The Mama can be a bit klutzy. Okay, fine. I am a bit klutzy. There is nothing conditional about it. And while I am being honest, I should probably omit “a bit” from that second sentence to ensure genuine transparency. So let’s start this post over.
The Mama is klutzy. Not once, but twice last week I hit my head on an open cabinet door whilst putting away the dishes. Alice witnessed the second meeting of my noggin with the corner of the cabinet door. She asked me to lean down. Naive mother who I am, I expected a smooch right on my ouch spot.* It came, but there was hesitation. Before I had a chance to wonder aloud about the delay, Alice clued me in: “I looked before I kissed so there was no bugs where I was going to kiss.”
An ounce of prevention…
* Ouch spot is Alice’s term for any discrete location in which she feels pain.
“Gargoyles are just flying lions. And they have a different name.”
-Alice Munchkin Kidling
July 24, 2012
The Kidling is very good at losing things. She is especially good at losing marbles. Specifically, losing marbles under very low-to-the-ground and near-permanent fixtures.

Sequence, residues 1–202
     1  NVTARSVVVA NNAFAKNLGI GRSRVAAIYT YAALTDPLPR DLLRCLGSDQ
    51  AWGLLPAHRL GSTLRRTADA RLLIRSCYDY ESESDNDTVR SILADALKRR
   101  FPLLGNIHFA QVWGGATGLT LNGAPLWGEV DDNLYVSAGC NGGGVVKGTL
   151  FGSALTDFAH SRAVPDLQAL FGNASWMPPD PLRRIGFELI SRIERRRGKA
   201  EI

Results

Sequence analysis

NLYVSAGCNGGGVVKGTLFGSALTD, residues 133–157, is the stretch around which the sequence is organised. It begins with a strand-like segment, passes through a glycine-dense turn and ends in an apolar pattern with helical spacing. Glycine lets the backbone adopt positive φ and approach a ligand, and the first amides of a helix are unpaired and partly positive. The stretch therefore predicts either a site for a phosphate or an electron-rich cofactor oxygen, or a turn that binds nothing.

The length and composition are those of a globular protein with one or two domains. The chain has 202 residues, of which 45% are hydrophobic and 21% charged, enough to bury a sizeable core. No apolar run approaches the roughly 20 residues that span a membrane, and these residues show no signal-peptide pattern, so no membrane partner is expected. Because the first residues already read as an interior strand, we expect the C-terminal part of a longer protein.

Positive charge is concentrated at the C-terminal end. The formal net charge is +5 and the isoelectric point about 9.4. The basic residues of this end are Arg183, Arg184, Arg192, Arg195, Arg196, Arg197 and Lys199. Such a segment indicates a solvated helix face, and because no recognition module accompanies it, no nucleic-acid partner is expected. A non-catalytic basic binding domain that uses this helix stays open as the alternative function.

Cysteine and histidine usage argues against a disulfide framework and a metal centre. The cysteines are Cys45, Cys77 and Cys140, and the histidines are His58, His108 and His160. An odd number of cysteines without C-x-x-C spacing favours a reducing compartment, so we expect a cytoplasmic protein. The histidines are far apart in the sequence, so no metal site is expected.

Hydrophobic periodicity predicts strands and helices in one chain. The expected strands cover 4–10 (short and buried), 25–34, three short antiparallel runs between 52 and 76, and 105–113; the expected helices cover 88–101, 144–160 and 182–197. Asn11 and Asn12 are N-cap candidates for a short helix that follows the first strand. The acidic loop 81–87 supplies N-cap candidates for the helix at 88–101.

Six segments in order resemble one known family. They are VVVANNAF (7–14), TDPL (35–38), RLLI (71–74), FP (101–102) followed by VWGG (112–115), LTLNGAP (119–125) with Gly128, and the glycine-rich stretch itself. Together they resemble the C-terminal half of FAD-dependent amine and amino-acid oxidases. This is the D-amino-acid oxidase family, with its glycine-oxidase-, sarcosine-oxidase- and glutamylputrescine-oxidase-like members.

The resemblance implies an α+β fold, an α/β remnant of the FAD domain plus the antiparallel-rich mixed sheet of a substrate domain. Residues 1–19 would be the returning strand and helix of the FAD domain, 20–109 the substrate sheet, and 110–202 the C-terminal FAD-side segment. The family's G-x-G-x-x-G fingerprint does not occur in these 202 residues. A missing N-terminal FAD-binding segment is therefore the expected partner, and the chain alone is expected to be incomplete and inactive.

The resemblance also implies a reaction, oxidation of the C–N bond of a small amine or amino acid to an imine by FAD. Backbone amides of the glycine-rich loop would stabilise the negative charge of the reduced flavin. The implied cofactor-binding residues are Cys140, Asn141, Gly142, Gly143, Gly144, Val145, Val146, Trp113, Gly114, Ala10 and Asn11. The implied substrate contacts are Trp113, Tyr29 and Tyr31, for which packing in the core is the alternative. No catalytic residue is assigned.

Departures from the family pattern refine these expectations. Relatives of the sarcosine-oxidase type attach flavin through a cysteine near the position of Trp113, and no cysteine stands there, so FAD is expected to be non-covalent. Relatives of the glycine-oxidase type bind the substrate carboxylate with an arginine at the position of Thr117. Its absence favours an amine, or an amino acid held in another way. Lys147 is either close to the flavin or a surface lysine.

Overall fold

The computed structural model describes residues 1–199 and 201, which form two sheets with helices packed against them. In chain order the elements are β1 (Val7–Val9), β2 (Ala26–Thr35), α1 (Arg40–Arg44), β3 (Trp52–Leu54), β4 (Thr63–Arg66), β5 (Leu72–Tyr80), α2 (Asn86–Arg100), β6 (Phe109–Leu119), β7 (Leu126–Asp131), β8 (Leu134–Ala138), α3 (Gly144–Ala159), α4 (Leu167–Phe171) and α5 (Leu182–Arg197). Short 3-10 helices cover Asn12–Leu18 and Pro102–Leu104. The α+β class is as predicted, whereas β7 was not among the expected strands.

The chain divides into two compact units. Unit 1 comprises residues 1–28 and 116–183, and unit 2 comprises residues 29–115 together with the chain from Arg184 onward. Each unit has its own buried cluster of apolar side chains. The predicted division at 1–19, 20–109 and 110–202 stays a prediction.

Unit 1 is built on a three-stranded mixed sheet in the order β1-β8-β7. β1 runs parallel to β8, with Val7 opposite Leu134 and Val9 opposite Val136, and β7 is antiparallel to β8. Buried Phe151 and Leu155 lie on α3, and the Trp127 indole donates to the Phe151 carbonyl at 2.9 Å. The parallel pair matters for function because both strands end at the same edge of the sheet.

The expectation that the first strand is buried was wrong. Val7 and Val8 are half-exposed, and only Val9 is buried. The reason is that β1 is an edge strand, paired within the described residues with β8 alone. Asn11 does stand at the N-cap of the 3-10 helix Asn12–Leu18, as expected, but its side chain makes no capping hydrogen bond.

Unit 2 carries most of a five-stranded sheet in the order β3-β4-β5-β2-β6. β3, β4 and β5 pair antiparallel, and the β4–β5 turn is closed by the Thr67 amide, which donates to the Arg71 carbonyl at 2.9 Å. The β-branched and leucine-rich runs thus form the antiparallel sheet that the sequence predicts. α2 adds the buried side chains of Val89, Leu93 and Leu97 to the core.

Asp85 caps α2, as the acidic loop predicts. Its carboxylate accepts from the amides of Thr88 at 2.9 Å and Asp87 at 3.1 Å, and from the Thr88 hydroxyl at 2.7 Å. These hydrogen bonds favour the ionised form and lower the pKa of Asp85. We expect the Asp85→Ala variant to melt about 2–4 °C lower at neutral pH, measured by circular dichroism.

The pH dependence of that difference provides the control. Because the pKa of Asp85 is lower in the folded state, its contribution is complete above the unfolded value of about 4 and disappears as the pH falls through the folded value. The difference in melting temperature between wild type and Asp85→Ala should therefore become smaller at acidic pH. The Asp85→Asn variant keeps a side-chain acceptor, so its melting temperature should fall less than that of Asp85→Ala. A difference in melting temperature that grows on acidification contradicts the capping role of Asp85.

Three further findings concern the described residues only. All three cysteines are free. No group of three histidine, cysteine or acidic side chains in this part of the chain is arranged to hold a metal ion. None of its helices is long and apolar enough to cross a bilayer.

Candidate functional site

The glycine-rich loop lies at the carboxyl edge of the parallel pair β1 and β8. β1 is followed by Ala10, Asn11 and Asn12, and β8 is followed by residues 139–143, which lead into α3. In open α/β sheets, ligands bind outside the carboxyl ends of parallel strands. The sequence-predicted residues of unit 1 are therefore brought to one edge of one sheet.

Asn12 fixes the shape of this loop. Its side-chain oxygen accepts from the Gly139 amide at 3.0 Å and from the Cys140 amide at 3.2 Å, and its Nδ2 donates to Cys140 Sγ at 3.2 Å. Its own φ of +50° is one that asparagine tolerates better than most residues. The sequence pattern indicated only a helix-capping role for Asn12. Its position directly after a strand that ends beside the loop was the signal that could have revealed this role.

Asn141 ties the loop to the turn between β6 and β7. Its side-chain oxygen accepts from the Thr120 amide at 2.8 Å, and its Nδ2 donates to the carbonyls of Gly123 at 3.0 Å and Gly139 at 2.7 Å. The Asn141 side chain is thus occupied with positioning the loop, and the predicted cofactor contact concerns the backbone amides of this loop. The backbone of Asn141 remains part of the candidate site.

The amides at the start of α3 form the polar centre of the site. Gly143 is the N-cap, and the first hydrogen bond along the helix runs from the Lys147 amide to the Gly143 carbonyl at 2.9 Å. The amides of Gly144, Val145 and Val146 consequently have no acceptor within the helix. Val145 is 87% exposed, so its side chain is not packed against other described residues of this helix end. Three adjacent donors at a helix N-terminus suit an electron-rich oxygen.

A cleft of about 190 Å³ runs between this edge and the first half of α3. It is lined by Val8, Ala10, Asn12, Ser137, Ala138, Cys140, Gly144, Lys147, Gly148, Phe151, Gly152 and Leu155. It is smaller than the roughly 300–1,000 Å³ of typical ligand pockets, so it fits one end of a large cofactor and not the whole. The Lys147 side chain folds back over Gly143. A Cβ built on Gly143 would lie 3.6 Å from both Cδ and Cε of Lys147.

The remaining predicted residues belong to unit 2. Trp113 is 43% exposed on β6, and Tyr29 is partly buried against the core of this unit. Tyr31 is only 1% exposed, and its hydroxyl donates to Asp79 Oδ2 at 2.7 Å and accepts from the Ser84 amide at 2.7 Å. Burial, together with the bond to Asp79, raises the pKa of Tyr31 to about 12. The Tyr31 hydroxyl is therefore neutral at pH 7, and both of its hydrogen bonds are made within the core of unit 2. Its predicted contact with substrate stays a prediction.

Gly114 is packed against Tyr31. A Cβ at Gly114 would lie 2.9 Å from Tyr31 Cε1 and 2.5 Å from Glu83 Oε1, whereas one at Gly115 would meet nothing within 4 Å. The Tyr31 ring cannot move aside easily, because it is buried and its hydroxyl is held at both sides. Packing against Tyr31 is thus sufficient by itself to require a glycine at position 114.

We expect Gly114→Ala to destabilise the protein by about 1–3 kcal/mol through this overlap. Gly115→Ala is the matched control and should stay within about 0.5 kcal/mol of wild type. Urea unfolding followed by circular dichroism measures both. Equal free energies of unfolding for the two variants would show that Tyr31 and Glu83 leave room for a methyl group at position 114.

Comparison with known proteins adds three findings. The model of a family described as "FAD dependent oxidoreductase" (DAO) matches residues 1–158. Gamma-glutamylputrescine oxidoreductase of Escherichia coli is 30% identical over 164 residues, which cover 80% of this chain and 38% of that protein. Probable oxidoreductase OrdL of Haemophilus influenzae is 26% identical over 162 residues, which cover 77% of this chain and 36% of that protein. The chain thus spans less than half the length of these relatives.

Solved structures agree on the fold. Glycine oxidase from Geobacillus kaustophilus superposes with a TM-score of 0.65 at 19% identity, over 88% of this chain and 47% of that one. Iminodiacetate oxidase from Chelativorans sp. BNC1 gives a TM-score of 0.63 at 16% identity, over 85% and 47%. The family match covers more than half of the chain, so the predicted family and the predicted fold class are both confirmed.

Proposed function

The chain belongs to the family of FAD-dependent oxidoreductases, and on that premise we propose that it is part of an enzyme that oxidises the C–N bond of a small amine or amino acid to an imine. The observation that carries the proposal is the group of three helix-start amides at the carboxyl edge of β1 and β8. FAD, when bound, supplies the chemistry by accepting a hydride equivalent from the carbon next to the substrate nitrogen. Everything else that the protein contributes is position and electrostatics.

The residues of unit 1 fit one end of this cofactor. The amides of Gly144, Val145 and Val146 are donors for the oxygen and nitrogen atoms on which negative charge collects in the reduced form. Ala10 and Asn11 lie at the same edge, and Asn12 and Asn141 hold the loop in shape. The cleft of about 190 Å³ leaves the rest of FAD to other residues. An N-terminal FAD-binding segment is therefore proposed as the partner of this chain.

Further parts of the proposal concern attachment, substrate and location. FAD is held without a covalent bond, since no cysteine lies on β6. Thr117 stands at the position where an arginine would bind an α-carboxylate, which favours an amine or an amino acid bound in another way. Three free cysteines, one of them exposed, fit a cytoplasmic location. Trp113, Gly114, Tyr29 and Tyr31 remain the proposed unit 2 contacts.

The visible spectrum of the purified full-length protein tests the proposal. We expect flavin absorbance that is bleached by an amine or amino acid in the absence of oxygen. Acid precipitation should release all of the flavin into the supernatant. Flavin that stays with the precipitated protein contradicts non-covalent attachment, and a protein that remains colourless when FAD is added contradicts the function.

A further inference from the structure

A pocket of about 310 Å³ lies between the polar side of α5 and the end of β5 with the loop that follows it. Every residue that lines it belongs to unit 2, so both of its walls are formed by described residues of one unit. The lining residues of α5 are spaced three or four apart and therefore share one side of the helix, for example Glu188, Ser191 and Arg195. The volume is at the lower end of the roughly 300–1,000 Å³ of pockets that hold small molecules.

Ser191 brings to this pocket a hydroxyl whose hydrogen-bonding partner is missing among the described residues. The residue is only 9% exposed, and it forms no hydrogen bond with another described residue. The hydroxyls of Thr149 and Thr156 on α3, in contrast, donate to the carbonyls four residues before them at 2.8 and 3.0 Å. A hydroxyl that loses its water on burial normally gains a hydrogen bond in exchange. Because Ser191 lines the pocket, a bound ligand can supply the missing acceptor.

Case in point, the stove.
Yes, last week, Alice lost a marble under the stove. We tried several kitchen tools to no avail. None was quite the right size to retrieve the lost ball of glass. Then Alice had an idea. She pointed to the space under the stove and observed:
“If Clifford’s leg was smaller than that and it could fit and he was real and could come out of the TV, then he could get it out.”
Indeed, Alice. If only…
I just want to get that out there right away, because otherwise this post might make you insanely jealous of how sweet my child is when yours kind of sucks a little. So, to answer your question, no. The Kidling most certainly is not always this sweet. But when she is, it sounds like this:
“When you give love to me, I keep it for a few days. I keep it until Christmas, then I give it to all the kids. To every single kid so they all have love in their hearts so they can all be so happy!”
Is that a collective sigh I hear?